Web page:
‘Chaotic scenes’: how did Liz Truss’s premiership come to an end?

Prime minister got off to a strong start in ‘combative’ PMQs but hit the skids following departure of home secretary

Liz Truss outside Downing Street after announcing resignation
Liz Truss outside Downing Street after announcing her resignation
(Image credit: Leon Neal/Getty Images)

Liz Truss has become the shortest-serving UK prime minister on record after resigning as Tory leader following just 44 days in office.

In a statement outside Downing Street this afternoon,Truss said that she could not “deliver the mandate on which I was elected by the Conservative Party”. She and 1922 Committee chair Graham Brady had “agreed that there will be a leadership election to be completed within the next week”, which would “ensure that we remain on a path to deliver our fiscal plans and maintain our country’s economic stability and national security”, Truss said.

Her 89-second resignation speech followed what The Telegraph described as “a day of political upheaval and chaotic scenes in Parliament” that left Truss “clinging on to power”. After insisting yesterday that she was a “fighter not a quitter”, the “level of chaos in government, Parliament and the Conservative Party” swiftly led “Truss to a point where she knows she can’t continue”, said the BBC’s political correspondent Nick Eardley.

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What do the papers say?

The final 24 hours of the Truss premiership began with a PMQs in which she sounded “confident and combative”, said The Guardian’s Andrew Sparrow. Underlining her commitment to the triple lock on pensions “meant at least she was on the front foot at one point”.

But Truss’s standing suffered another major blow shortly after PMQs, with the announcement that Suella Braverman had quit as home secretary.

Braverman’s resignation letter contained “thinly veiled” digs at Truss, said the BBC. “I have made a mistake; I accept responsibility; I resign,” wrote Braverman, who also criticised Truss’s stance on issues including reducing migration numbers.

If Truss’s “grasp on power was precarious” before Braverman quit, her premiership from that point looked “doomed”, wrote The Times’ policy editor Oliver Wright. The resignation fractured an “already fragile coalition”, with many members of the European Research Group fearing that having junked the right-wing economic policies of her mini-budget, Truss was also “about to jettison all the other policies for which they supported Brexit”, said Wright.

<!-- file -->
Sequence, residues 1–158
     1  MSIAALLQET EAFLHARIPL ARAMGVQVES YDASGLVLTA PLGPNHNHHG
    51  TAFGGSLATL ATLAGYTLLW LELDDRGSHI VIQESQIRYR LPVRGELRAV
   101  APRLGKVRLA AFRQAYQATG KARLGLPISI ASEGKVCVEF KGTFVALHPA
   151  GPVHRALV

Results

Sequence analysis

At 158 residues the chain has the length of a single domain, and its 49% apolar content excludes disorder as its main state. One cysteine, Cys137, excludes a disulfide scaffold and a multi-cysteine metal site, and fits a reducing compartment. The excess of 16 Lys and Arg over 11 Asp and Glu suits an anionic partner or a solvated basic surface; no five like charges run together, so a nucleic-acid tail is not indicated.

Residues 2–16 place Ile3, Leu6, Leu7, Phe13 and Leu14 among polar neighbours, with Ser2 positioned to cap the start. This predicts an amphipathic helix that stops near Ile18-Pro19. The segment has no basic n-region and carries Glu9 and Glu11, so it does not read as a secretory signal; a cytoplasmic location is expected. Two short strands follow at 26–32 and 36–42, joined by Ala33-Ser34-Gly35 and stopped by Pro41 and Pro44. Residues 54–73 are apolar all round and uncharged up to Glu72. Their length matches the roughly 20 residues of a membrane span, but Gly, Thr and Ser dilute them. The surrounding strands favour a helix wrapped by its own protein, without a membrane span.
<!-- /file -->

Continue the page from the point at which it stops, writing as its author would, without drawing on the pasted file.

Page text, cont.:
In a sign of her “desperately weakened position” amid the “unprecedented chaos”, Truss appointed one of her “arch-critics”, Remain-supporter Grant Shapps, as her new home secretary, said Politico.

As Wednesday drew towards a close, Truss then turned “a minor vote” on fracking into “a make-or-break test of her authority”, said Bloomberg. But she “managed it in such clumsy fashion that she may have convinced most of her party that her time is up”.

When Truss’s climate minister did “yet another U-turn” to say the vote would not be deemed a confidence vote, “it seemed the PM’s entire whipping operation had been decimated too”, amid reports that the chief whip and deputy had quit, said i news’s political editor Paul Waugh. And while those reports proved to be premature, few believed that Truss could “make it to Halloween”.

What next?

The key problem for the Tories is that the party isn’t “bitterly divided and unable to reliably pull together parliamentary majorities” because it was led by Truss, said the Financial Times’s Stephen Bush. It was led by Truss “because it is bitterly divided”.

The party’s “rows over tax and spend have not been quelled by the market panic caused by Trussonomics, and its adherents will be a challenge for the next Conservative leader, whoever they may be”, Bush predicted.

This leader, “if they can find someone who can unite the party – and that is a massive if – will then face a huge challenge around legitimacy”, said the BBC’s political editor Chris Mason.

Truss’s “resignation speech proves why she was not up to the job”, tweeted The Atlantic’s Tom McTague. “Was there a single thought in there, a sentence that conveyed an emotion or a reflection, even an attempt at a narrative to explain the last six weeks to an angry country? No. Appalling.”

As the hunt began for Truss’s replacement, The Times’s Francis Elliott related a story told by Truss’s brother about how, when playing Monopoly as a child, the now ousted PM would create “some special system” because she “had to win”.

Now, “the woman who ‘had to win’ instead leaves office as Britain’s shortest-serving prime minister, her project and reputation in ruins”, wrote Elliot. “Game over.”

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